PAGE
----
The public doesn’t know Apple as a company prone to apology. We imagine its communications team would be far more comfortable issuing a statement to the effect of “the obvious superiority of our products speaks for itself, hahaha”. Hey, we understand—apologies acknowledge the imperfections that come with being human, and CEO’s aren’t generally too big on humility (with good reason).
And yet, CEO Tim Cook felt the need to release an official statement to customers today in order to control the spread of bad publicity stemming from the awfulness that is Apple Maps.
We can’t imagine Cook enjoyed writing this little letter, and we wonder what finally led him to draft it: Was it Motorola’s viciously effective #iLost ad? Was it this hilarious tumblr page? We’re not sure, but we do admire Cook’s ability to acknowledge that his company made a completely terrible product!
Readers should note Cook’s unreservedly apologetic tone in writing that Apple “fell short on this commitment”. Unlike the other big “damage control” missive released this morning, Cook’s note includes the word “sorry”. A real-life apology! We just might be impressed!
Cook promises to get to work on improving the map app, and we’re sure that a few programmers have had anxiety attacks this week–but what will the CEO’s next move be?
Will he go on a ballistic firing spree like Steve Jobs did after the failure of MobileMe? And can you imagine Jobs writing a sentence like this one?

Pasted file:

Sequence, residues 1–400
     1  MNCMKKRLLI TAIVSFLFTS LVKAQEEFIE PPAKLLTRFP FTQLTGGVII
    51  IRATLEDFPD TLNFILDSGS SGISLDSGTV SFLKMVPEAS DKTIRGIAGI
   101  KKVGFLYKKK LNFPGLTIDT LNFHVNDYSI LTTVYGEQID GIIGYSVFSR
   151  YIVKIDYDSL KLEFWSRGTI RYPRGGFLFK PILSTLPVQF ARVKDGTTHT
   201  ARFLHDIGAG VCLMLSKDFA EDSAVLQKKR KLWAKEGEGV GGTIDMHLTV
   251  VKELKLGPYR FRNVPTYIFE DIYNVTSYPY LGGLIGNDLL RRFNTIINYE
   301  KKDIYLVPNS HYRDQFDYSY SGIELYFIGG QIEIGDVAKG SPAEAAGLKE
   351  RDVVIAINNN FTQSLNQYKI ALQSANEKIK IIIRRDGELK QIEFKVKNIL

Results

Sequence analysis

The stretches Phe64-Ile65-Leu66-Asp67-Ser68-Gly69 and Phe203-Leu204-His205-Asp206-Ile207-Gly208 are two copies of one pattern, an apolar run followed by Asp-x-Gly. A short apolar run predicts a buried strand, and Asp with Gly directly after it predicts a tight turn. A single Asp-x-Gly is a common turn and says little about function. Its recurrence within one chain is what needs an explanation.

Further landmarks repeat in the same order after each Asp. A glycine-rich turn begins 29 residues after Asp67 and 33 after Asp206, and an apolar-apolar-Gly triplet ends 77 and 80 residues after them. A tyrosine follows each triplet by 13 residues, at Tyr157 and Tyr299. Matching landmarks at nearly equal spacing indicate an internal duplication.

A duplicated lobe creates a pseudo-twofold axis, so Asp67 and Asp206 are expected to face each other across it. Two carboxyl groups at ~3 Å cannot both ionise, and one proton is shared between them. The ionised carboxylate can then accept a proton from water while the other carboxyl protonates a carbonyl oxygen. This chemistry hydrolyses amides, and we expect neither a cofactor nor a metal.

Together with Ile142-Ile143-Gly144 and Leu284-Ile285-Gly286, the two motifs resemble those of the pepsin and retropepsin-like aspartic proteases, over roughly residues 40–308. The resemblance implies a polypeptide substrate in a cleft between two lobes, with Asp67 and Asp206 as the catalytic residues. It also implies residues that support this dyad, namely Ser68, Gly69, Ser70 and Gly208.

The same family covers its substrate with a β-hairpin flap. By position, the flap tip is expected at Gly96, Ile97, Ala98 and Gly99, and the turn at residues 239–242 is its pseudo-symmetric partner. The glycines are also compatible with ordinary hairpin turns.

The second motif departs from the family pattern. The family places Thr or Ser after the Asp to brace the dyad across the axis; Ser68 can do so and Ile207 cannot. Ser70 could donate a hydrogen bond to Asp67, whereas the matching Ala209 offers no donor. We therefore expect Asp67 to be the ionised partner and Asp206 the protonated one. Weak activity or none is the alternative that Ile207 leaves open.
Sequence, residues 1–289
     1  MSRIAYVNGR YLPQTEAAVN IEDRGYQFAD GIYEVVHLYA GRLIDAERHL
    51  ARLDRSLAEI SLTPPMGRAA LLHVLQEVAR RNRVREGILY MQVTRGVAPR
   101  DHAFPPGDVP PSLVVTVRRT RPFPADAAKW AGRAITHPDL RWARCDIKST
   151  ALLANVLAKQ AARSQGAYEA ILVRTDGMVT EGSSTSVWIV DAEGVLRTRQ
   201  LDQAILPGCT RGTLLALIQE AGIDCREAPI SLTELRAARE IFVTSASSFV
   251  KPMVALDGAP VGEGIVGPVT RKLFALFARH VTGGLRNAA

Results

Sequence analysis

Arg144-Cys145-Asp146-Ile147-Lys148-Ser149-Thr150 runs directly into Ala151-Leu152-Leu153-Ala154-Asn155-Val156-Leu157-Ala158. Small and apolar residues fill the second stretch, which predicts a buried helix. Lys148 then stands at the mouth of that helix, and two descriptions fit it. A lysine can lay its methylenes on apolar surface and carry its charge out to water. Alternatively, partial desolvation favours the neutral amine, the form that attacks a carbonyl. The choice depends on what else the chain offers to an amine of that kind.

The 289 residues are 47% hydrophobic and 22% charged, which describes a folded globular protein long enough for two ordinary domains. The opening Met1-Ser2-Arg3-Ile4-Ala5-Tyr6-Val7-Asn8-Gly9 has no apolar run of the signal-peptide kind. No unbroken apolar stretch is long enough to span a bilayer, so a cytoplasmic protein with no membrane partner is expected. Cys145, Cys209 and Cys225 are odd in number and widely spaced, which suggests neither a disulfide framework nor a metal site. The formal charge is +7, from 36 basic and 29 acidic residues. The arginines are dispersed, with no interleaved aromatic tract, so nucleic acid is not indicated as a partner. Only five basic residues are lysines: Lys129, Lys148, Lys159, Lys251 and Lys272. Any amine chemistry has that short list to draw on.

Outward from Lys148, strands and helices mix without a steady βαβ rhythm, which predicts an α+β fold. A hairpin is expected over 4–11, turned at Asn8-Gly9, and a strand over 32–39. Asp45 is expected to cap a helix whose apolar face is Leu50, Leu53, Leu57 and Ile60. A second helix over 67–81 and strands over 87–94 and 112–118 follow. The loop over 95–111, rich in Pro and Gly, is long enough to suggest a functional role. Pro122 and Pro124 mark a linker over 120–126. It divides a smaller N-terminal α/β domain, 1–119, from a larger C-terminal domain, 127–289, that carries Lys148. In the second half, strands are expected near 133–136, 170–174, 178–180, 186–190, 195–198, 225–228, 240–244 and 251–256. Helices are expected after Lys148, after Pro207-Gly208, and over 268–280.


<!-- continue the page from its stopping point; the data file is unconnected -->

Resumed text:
“While we’re improving Maps, you can try alternatives by downloading map apps from the App Store like Bing, MapQuest and Waze, or use Google or Nokia maps by going to their websites and creating an icon on your home screen to their web app.”
Wow. There’s no taking that one back.
Compare that statement to the letter Jobs wrote in 2010 after thousands of iPhone 4 buyers had trouble making calls. It opens by reminding all those annoying complainers that “The iPhone 4 has been the most successful product launch in Apple’s history”, and despite containing the phrase “we apologize for any anxiety we may have caused”, the letter’s tone is almost defiant. No retreat, no surrender, huh?
Looks like things have changed at Apple. Will Cook’s apology convince the Internet to stop making fun of Maps? And is the whole debacle a sign that the world’s most valuable company isn’t quite as invincible as we’ve been led to believe? We’ll be watching closely—and so will the rest of the tech world.
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